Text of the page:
Hiring Tips for Leaders
- [Peter] So we're going to really dive into building a... Once you hire, how do you build a culture of excellence and make sure that's sustained to build your business to the biggest possible arena? So questions to ask people that are in the interviews, that are actually applicants wanting to get into your company, wanting to maximize the position they're applying for. Okay, these are big and these are questions a lot of people don't think about. But these are the ones that I ask, that I've gotten from other entrepreneurs. They say they're really important to them because the ideal situation for an applicant is you screen them so much you get the right person to where you don't have to ever hire somebody else for that position. They're there long term, right? So first, you've got to understand and get their other commitments. What are your weekly commitments? Do you have your kid that goes to basketball every Tuesday? Are you gone every couple of weeks? Do you like to travel a lot? Yo...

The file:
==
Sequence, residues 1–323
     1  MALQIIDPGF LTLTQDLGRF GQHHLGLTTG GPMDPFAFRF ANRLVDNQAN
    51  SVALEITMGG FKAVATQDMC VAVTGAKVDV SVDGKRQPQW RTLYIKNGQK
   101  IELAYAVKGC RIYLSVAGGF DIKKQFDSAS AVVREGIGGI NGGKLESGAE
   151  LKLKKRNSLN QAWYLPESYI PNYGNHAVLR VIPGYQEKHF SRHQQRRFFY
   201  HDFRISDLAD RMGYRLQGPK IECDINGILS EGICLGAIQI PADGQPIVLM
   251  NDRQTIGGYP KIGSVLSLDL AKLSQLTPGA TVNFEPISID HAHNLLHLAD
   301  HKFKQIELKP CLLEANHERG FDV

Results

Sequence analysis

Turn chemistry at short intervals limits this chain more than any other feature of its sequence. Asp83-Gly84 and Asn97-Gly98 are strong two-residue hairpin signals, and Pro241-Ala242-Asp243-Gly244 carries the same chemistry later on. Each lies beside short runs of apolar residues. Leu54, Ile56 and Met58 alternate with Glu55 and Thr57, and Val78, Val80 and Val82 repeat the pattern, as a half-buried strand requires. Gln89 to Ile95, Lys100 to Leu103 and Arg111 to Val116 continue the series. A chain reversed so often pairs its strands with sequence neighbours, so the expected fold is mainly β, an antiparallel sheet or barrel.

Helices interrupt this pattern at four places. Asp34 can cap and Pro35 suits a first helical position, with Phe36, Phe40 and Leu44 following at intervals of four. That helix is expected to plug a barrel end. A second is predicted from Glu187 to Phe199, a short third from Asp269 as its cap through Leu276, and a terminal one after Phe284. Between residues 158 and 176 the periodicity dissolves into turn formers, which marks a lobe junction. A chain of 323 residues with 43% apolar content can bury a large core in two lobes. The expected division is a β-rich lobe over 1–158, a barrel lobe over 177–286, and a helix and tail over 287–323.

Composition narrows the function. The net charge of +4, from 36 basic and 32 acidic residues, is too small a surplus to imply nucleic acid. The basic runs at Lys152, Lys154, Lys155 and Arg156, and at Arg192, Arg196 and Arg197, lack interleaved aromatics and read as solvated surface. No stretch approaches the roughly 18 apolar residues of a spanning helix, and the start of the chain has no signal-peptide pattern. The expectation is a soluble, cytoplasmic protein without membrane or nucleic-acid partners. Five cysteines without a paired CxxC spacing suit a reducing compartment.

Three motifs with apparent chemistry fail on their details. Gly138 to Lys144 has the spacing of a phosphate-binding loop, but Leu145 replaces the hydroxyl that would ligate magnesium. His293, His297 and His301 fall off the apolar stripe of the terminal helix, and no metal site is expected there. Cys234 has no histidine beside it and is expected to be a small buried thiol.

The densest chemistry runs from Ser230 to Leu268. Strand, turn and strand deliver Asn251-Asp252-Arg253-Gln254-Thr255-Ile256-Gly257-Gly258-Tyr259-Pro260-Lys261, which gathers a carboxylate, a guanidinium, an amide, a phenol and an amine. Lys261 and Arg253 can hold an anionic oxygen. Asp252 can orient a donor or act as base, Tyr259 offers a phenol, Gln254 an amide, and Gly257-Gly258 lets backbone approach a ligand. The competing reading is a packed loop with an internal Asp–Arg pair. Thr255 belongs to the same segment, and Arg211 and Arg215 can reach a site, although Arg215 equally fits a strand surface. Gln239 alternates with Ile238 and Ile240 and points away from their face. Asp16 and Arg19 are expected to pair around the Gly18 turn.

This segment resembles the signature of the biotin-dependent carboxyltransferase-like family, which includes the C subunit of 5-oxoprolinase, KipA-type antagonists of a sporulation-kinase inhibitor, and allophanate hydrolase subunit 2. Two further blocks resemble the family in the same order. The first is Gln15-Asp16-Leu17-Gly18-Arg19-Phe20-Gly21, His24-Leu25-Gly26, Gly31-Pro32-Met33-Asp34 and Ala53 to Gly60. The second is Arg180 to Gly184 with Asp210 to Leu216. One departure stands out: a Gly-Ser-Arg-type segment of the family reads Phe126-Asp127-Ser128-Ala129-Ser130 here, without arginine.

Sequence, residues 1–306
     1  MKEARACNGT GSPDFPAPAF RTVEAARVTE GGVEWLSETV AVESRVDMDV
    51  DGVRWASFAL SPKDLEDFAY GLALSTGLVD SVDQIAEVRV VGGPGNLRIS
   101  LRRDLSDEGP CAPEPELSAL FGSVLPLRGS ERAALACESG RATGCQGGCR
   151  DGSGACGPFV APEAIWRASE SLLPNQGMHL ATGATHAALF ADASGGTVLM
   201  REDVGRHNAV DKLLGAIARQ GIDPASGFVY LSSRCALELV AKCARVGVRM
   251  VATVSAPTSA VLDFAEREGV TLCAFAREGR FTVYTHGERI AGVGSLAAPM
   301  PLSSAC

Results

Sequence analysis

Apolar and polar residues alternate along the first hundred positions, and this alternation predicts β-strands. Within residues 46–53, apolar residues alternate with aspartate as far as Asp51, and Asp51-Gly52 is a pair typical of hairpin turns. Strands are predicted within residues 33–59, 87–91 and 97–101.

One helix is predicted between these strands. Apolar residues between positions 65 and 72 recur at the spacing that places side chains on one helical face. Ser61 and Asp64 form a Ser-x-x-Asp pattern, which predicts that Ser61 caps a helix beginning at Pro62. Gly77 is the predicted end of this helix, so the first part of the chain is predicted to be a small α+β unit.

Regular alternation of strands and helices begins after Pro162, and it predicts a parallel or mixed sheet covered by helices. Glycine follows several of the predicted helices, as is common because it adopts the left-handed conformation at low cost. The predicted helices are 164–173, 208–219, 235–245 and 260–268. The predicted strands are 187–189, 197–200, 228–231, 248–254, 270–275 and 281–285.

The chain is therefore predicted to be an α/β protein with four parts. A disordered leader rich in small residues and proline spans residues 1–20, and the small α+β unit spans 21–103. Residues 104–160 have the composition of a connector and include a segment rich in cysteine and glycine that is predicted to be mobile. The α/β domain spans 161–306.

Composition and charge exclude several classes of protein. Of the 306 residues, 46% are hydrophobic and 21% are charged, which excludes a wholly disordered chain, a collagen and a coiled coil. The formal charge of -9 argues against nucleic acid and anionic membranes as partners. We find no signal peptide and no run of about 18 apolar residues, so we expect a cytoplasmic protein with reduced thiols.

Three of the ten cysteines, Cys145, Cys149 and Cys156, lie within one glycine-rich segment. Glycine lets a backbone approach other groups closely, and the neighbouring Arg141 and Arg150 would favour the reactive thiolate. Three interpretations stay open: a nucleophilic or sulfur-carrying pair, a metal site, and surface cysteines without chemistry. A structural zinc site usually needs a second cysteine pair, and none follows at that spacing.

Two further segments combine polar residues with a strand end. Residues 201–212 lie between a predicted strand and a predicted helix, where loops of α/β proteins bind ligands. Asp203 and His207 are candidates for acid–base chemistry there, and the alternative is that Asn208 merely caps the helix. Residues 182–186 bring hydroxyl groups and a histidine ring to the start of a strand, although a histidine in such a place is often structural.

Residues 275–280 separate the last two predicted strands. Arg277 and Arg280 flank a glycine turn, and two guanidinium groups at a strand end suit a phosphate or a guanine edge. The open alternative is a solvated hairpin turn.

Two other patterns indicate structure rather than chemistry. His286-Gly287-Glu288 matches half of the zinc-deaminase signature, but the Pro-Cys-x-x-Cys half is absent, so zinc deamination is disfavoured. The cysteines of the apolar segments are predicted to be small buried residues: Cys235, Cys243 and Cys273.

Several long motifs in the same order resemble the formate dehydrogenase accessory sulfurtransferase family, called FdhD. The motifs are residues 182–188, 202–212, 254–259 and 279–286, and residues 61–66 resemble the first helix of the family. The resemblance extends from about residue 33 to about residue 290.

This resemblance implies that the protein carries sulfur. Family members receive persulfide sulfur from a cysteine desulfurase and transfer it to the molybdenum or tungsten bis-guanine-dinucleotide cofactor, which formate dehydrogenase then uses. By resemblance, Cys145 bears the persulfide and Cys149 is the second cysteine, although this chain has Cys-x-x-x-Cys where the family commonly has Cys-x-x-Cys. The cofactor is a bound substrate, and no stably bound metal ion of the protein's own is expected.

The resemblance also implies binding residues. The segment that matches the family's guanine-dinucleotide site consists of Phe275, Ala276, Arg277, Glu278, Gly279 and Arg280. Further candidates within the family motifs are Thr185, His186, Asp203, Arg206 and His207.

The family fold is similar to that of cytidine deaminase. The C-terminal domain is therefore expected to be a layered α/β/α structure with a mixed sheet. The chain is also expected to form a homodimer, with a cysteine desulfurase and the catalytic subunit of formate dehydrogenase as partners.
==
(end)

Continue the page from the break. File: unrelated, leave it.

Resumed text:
u have to get very clear expectations up front. How long were they at their previous job and why did they leave? How do they handle difficult situations? What are they going to do when they don't know how to complete a task or when they have a lot of questions? Because you want problem solvers, right? Literally, you want problem solvers, solution creators, not problem finders when they always go to you with problems. - [Woman 1] So my question is, when you're talking about handling difficult situations, I think that a lot of times, you kind of put out there what you want people to perceive you as a problem solver. Do you have any, I guess, tests or something in the application process to kind of help clarify who they really are and how they really handle difficult tasks? - Yeah. So two things. One, we had a person like…it's not really personality, a core value test that we gave them. I can't say the exact name of it right now, I could tell you later, that told us if they were analytical, if they were a problem solver, if they were more like relationship-driven, emotionally-driven, or if they are more power-driven, results-driven. And that really helped us, but I never really had specific questions. So that'd be something really cool to create. I know what you're getting at, to where how they explain how they solve problems, so you know. But yeah, we never had anything deep dive with that, but I literally asked them in the interview, "How do you handle difficult situations? Tell me a time in your life where you had a problem that seemed insurmountable and how you solved it and what your reaction to it was and what you did afterwards." So we asked those kind of questions and based on their answer, how confident they are, if they could think of something, we would take that into consideration, but never really an exact thing as far as like a task. So that's a good idea. Yeah. Tell me about three or four things of which you're most proud? What are you most proud of and why? Where have you gotten results in the past? What are some things that can kind of show you're different than most people? Is there things you can tell me that kind of show us you're an action taker and a go-getter versus a talker? Now, if you're hiring like an admin, you probably don't want to ask those questions, right? They just want to get the job done. It's different. Why do they want this job and what are they looking for in a position right now? How many hours are they looking to work? These are all questions that give you more information to make the right decision. If we all completed 50 interviews, you would not believe how simple a lot of them are. They really don't have the highest standards. Okay? So what do you feel separates you from other applications, from other applicants? You're going to get a lot based on that answer. So building your dream team. So here's how you really, now once you hire them, how you continue to make sure they're executing and they're delivering on their promises. First, your dream team right now or your team currently, everything is based off who you are and where you've set your standards in the past. So your current dream team, your current business, your current infrastructure is all based on who you are as an entrepreneur. What you've learned up to this point. What you've mastered, what you've failed at. Everything is up to like right this point where you've set your current standards, right? So the biggest thing first is consistent and ongoing training needs to happen. This is one of the biggest things. With research I've done and studies I've done with the top tier performers in the world, there's ongoing training in the company. One of you guys, I believe, works at CreativeLive, and you get a chance to check out the training while working here. That's amazing. So you learn stuff while you're working here. That's awesome. I mean, there's a lot of stuff that you can learn while you're working that could help you be more effective when you're working. So consistent ongoing training. A lot of companies, they train you for a long time at the beginning, and then they're done training you. That's when you hear people say, "I have 20 years of experience." No, you don't. You have one year because you do the same thing over and over again, right? Expectations. Okay. This is huge. You need to make sure that you're giving very clear, and proper, and precise expectations to people you're hiring. What to expect, what not to expect, exactly what they're going to go through. Like what the learning curve is going to be. Because if you give expectations and they're slightly off of what reality is, you're going to have all your best people quit. So this is big in direct sales, and a lot of marketing companies, and a lot of sales companies and startups. Here's what the founder or the people that are hiring promote. This is the best job. You're going to love it. It's amazing. We have the culture, it's awesome. Oh, there's so much opportunity. You're going to be here for a long time. And they're just blowing so much smoke and there's so much fluff, that they're not giving clear expectations where it's going to be hard sometimes. Like when I hired people for my sales organization, I said, "To be honest, this is not easy. Like, you're going to actually feel like quitting in your first couple of weeks. Because it's something different. You're going to get uncomfortable, but, I promise, if you push past that, you're going to see amazing success, growth, confidence, and you're going to build a lifestyle few people do. Because most people can't push past the challenges. So, I promise you, Chris, you're going to actually feel like quitting in the first couple of weeks." Now, when they get to that point in that hiring process or that trial period where they feel like quitting, what do they think in their head? What's in their head right now? "Oh, my gosh, Peter told me this would happen. Wow, I'm at that point." Sometimes, they used to call me, "Peter, I'm at that point, I feel like quitting." I'm like, "What are you going to do?" "Well, I'm going to keep pushing." Almost all of them. What if I never told them it was hard, though? Other managers used to call me and say, "All my team is quitting in the first couple of weeks." Yeah, because you told them it was going to be easy, and it's a perfect job, and you don't give them any expectations of failure, of what could happen, of the learning curve, of their comfort zone being destroyed. Like, "Oh, well, we have more hire than you." I'm like, "Exactly, but we have more performers," right? So you've got to give them clear expectations. "Hey, you might be overwhelmed a little bit at the beginning, there's a learning curve, but I promise when you get past that, things get easier and your capacity expands." Right? So give them very clear and precise expectations, okay? Because some jobs, they are hard at the beginning. There's a learning curve and if you don't tell them clearly that they're going to go through that, it's so... If the expectations are at all off from what you promote, they just quit or they don't fully have trust in you, and they don't feel like you're fully transparent, and then, subconsciously, they lose respect for you. Does that make sense? Expectation is number one. Number two, accountability. You have to, in the first couple of weeks, when you're training them, there has to be accountability, right? You can't just hope and trust. You can afterwards, right? After they prove themselves. But give them some accountability. There's an accountability sheet in here, right, Chris? That I used to literally give my receptionists, where it says the weekly standards, number of calls, how many people show up to the actual office. We had a physical, like 2,000 square foot, office. We had applicants come in that we interviewed. They're in charge of calling, setting them up. So we had a call schedule, date, number of reps, calls made, demos completed. So we also had a rep schedule, where they would make appointments, schedule appointments with customers, whether it's to businesses, to families, to sell the product. So we would literally have, and this is from 2012, which is crazy, number of reps, calls made, demos completed. How many demos they had the next day. Number of sales, sales amounts. We literally kept track. Anything that you want repeated has to be managed. Anything you want improved has to be managed, right? So how many calls are they making? How many customers are they reaching out to, right? And this depends on, of course, your specific role you're hiring for, right? So it's impossible to know everyone online and all of you guys here the exact position you want to hire, but systemize and create accountability for whatever that you want tracked. Does that make sense? Number of websites they're creating, the conversion on the lead pages, right? Track all of that. So whatever's important, get it tracked, and get it systemized. Accountability. Here's where most people fail. A lot of people have expectations, a lot of people have ongoing training, and a lot of people have accountability, but few people actually give feedback after expectations and accountability. So for me, and I use examples of salespeople and receptionists and VAs, sometimes because that's what I had and that's what I have now, but here's feedback. We'd set the standards, we'd have a receptions meeting. That's accountability. We'd have a meeting every week and we'd go through all the standards. Feedback would be, "Hey, what do you feel like you did really well? What do you feel like you can improve on?" And then I taught them how to be self-sufficient. That's a key. You don't want your team always to come to you for solutions. So in the end, I'll talk about this later, but anytime they bring a problem, say, "Hey, I challenge you. I want you to bring two solutions to me. I want to treat you like a leader that you are. So when you have problems, just bring me two solutions." And eventually, they just solve everything themselves. But the reality is you want to teach them how to be self-sufficient. So when my receptionist had a issue, I would have them reach out to other top receptionists to solve the problem, to talk to the best. So they were all learning how to develop themselves personally and how to reach out to people to get better information from them. So you don't have to always be the one teaching, right? Because do you want every employee going to you with every problem? You want to teach them how to solve them. So teach them how to be self-sufficient by giving them feedback and then telling them how to solve that problem without you in the equation. And you want to frame it where it's like, "Hey, I don't want to not talk to you. I just want you to be able, Terry, in a couple years, to be super self-sufficient. You're not going to always be working here. You're going to be your own leader, you're going to build amazing businesses. I want to make sure you don't always need me and you can figure things out on your own." Sound good? Perfect. So you want to share that with them as well. I cannot imagine if Chase got every problem. He'd kill you, right? But the reality is he's trained and hired excellent people that can figure it on their own, right? So same thing with you. Has everyone got that? And then the biggest thing with hiring, guys, never settle. Too many people settle. Never settle. "I need somebody." Yeah, I know you do. I'd rather wait two weeks and have to keep doing what I hate and find the right person than hire them right away then fire them in two weeks and waste money. So never settle. Okay? Let's simplify with implementation plan. Pick one habit to master right now. Pick one to master. Whether it's delegation, whether it's training, whether it's hiring. You can't do all of it at once. This is not like you leave this class without doing anything and you can hire everybody that are A-players and build your company to 10 million. You can't do that. There's no free ride. This is not get-rich-quick. This is real results, real time and energy put in, and this is real people that you're hiring to build a real business that outlasts you. So it takes a while. So pick one habit to master, okay? Map out your next hire strategically. Now, some of you guys have figured out maybe you don't need somebody, but map out your next hire strategically. And here's what's cool about entrepreneurship. It doesn't need to be an official hiring process if you're getting someone from the local college or school. You could just test them out. Say, "Hey, you've got two weeks. Show me what you're capable of. Show me what you can do. Show me where you feel like you can fit into this business and add value." You have nothing to lose if they're on a trial period and they're showing you what they're capable of, right? Now, what's cool is when you get your business to a certain level, people reach out to you and want to work for you. That happens a lot to the top businesses, which is the goal for all of you guys eventually. So, for now, a lot are now, a lot of people reach out to us and want to work for the company. And they say, "I can do this. I can do this." And usually, we have them prove themselves. Like three people on my team right now, were helping me for free, showing me certain things that they were capable of, that they can do, and then once they showed value, I paid them. My video guy is like, "Hey, let me just create videos for you." "I already have a video guy." "But trust me, let me just... I won't say anything. I'm just going to create videos for you." After two, three months, he created such dynamic videos that I'm like, "I'm going to pay you. You're amazing." I didn't even want to hire him, but he made himself valuable by putting himself into the company. So you want people like that reaching out to you as well, okay? Next. Complete your three lists to freedom. That's a big one. What can't you do, what shouldn't you be doing, and what don't you want to do that you should be delegating? And what's the rule? If it's not a strength, and someone can do it 80% as good as you, what should you do? - [Woman 2] Delegate. - Delegate it. Okay? And as far as training, we're going to hit on that a little bit, but as far as training goes, when you're asked about, Rebecca, the biggest thing is figuring out exactly what the role is going to be and then finding the best training possible for that role. So if I have a guy that's doing marketing campaigns, I will pay for them to go to a marketing summit. I'll pay for them to get a marketing course that I know is the best course out. I'll pay two grand to have them go through the course, to have them do it. So I was at Ryan Blair's... Does anyone know who Ryan Blair is? Pretty successful entrepreneur, he has the book, "Nothing to Lose." But he's a great, great entrepreneur and he's good at, amazing at certain things, his team is crushing it, but guess what? His team, he doesn't know how to do a lot of what his team is doing. But he pays for the best training and they're all really good at what they do. So same thing. So give me an example, by the way, of someone that you need to hire and what their role's going to be. Do you have an example of a task or of something that they need to do, like accounting, marketing? Because I want to get some context with this so I can really help people. Because I want to help your problem that you asked about training. - [Woman 3] We, Lisa and I, run a team of entrepreneurs that are Esty sellers. We have 2,200 Etsy sellers here in the Bay Area and we are the leaders for that group. All of the leaders on our team work for free. It's a little tricky. But I think what we're trying to do is help them. We're looking for people who want to learn and develop their own leadership skills. And also, you know, they're creative entrepreneurs. So they're trying to... They have a product, and they're making things, and they're selling things, and they're doing different things. - On Etsy? - On Etsy. And, you know, maybe they have their own website where they sell their products too. But anyway, what Lisa and I are looking for in our community is to help us develop programming for this group of 2,200 people. So we do skill-building workshops, we run a large craft show of over 200 sellers that can come and sell their work. We go on retreats, so we do these creative field trips. And so what we need are leaders to, like, stand up and say, "I want to take this on. I'm going to be the leader for field trips." You know what I mean? - I got enough. - Okay. - So that's what I needed. So you almost need someone, almost a CEO or someone that's taking over all of that, where they are in charge of finding people to run that, to hire it. I would also have a system in place for Etsy users, whoever the best 1% are, figure out exactly what they're doing that's different, what they need, what's the system. They have one assistant, they have one person doing this, one person doing this. This is the ideal package for someone that's selling on Etsy. This is the ideal package and these people are making the most money. How can you package that and help everyone else get to that 1% level? That's something I would do, is package something where you know that these people are crushing at the highest level. Because probably 90%, 10%, where there's probably, how many users, you said 200 that are selling? - Yeah, I mean, Etsy has millions of… - But for you guys. - Our group is 2,200. - Is there probably like 200 selling more than everybody else? - Oh, I'm sure. - Yeah, it's probably... - I mean, there's the [inaudible] you know. - Yeah. So there's probably a couple percentage that are at the highest level. I'd figure out what they're doing and then teach everyone else that first of all. But second, I would hire someone that has experience in management, has experience in like looking at a company from 50,000 foot and figuring out how they can take over, and you just tell them what you need, and they take it. They take over it. Does that make sense? - Yeah. - So you don't worry about that. - I think, you know, we're helping people develop those skills. So that's where I kind of had my question. What's like your ideal genius? What's the only thing you want to do? - My superpower is networking. So I've been able to sort of go into the community and say, "Oh, look, we can work together and then take that to..." - So that's your value, is networking, bringing people into the community. - Yeah. And so I guess what we want is to find people who have other superpowers. Like Lisa's superpower is Twitter. And so she's a Twitter genius and so we want to find other people who are like geniuses and help them develop that skill and be a leader in that. - Yeah, I would figure out what skills... You know, I don't... Yeah, you're good. I'd figure out what skills consistently that you want to find and create that are most important to your business, and to your organization, or what... Like she has Twitter. Think about the next 10 skills that you want someone to develop and then have campaigns or have something where you go out and market and find those people because you probably already have the people in your network. But if you don't know what exact skills you want to develop and look for, then you're going to have a headache and be overwhelmed. So I would just map out what skills you want to look for in people in order. So this next week, this next month, I'm going to find an expert at blank that can teach. Then after that, I can find someone that does this and then look for it that way. You have a lot that you're doing, so I would just dial in on exactly what your expertise is and then find someone that can help you organize and delegate what you don't want to do and then she can go all in on Twitter and that's it. And then you can find someone else to go all in on this. But this has to be relevant to the big vision and this has to be something that is proven to get results. Does that make sense? So that's it. And I could talk you about it later. It's a bigger issue than just hiring somebody, like one person. You know what I mean? So next, create a timeline for your delegation and training. So with what we just talked about, create a timeline, Rebecca, of when you need to hire someone or find an expert in this. Figure out a timeline. And the challenge here, guys, map out your next hire and think everything through until they're thoroughly trained. Literally, think through the ad, think through the expectations, think through hiring, and think through till they're fully trained and their two-week trial is up, and now they have an actual position. So think through that.